I think lawyers have it the hardest of all the professions in terms of that negative judgmental voice in our heads.
It was that voice, the one that told me that I would fail, that I was stupider than everybody else and that I would never be successful that actually drove me to graduate first in my class from Georgetown Law. I allowed that voice to convince me that I needed to study harder than everybody else because otherwise I would fail.
So, in a way, that voice served me, and as a result, I carried it with me for years, thinking that I needed it. I needed it for my success because if I didn’t have it, if I didn’t have a part inside harassing me, I wouldn’t do what I needed in order to be truly be successful.
And while that may have been true for some period of time, what I’ve realized is that voice actually kept me from true success because any success that came from it didn’t feel like true success. It felt tainted…
I would receive the success like graduating first in my class or building a million-dollar law practice, and I would judge it, I would hide it, and I certainly wouldn’t celebrate it because I believed it was a fluke.
I thought I was alone in this until recently when one of the lawyers in our Personal Family Lawyer Program emailed in response to a newsletter we wrote and shared some of the specifics of his internal voice.
He shared that he had recently had his first $11,000 day engaging one client for $4000, another for $6000, and another for $1000. And rather than celebrating it, bragging about it, announcing it, or allowing himself to know that he had finally made it…
He convinced himself that it was a fluke, that he wouldn’t be able to do it again, that it was a random accident or happenstance.
Tragic, isn’t it?
Luckily, he did recognize that this negative self-talk was keeping him from the true success that he wanted.
When I read his letter to us asking for support around this topic, I realized that over the past two years, I have found a way to quell this voice inside of me. I no longer have a voice that tells me I suck. I’m no longer driven by fear but instead led and pulled by desire. It’s a radical shift in my way of being.
As a result, I am now feeling success all the time — true success — and it feels great. I’m no longer motivated by the voice that says, “You’re stupid. You need to prove yourself. That success you’re having is random or happenstance or an accident.”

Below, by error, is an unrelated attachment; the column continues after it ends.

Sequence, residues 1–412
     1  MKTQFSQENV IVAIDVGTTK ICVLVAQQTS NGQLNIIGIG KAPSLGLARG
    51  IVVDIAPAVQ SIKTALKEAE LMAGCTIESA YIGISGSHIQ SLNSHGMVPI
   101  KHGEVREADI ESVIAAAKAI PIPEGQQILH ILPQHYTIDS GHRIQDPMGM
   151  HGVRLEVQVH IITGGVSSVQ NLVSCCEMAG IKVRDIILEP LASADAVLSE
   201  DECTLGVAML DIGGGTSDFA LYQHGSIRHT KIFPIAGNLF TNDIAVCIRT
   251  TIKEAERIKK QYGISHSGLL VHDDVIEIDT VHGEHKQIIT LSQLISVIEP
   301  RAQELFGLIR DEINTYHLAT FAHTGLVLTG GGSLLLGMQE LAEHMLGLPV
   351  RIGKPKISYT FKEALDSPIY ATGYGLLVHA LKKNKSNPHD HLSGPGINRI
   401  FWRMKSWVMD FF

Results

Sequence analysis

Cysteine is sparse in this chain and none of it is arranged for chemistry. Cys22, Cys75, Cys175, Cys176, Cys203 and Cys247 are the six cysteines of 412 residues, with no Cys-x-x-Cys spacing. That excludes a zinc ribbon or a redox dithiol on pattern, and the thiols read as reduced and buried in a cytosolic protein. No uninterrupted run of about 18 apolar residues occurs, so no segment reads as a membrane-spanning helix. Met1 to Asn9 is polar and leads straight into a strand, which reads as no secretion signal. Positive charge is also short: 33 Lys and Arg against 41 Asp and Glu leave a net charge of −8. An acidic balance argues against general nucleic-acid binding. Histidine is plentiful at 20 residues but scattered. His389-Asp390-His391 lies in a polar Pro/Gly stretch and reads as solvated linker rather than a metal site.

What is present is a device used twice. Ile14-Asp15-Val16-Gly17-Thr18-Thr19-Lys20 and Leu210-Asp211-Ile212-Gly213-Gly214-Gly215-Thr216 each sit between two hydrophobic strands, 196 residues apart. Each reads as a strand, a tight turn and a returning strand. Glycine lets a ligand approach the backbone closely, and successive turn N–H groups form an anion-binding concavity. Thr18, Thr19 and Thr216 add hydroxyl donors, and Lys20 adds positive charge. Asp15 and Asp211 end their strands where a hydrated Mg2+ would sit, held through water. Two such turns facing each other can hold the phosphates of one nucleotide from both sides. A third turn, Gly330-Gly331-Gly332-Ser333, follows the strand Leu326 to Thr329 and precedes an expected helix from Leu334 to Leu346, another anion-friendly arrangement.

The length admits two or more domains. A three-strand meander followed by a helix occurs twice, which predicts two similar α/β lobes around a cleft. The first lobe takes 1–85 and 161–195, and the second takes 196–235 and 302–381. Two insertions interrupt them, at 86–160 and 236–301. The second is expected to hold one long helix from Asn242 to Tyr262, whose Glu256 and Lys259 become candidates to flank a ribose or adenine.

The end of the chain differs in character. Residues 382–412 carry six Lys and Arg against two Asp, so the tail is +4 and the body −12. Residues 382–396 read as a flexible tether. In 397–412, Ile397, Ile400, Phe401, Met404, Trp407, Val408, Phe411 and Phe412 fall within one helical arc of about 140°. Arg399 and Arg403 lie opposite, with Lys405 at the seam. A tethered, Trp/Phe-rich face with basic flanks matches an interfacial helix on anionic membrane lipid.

Today, instead, I have a voice that says, “You’re awesome. You’re doing it. It’s all happening. Yes! Go for it! You can! All is well. All your needs are met. You can trust me. I can trust you.”
From that place, with this voice supporting me, anything I do, even if it appears to be a failure on the outside, feels like success because I know I love myself regardless of what happens or others think.
My intention here is not just to support you in building a law business you love with strategies and techniques and tactics for attracting clients and engaging clients and serving those clients in a new way and turning them into raving fans, being loved by them and loving them (A.K.A. My mission. 😉 )…
But I also intend to support you to truly come into a love relationship with yourself, to meet that voice inside of you that says you suck and you’re not enough, and to give it what it needs so that it can relax and instead become your biggest ally; your best fan. When that happens, well, I look forward to that day for you.
So, to begin with, what would be helpful for me is to hear the flavor of your own inner, negative voice. To do that, because I’m sure you want to keep it private, send me an email at [email protected], and let me know what that voice says to you. How does it speak? How do you hear it?
In the coming weeks I will write some additional posts that speak directly to what you need to hear in order to make the most massive shift you’ll ever make by relaxing that voice, serving that voice in a way that allows it to transform from your biggest critic to your best and biggest fan.
Because you deserve to feel amazing about your successes, too, don’t you? I think so.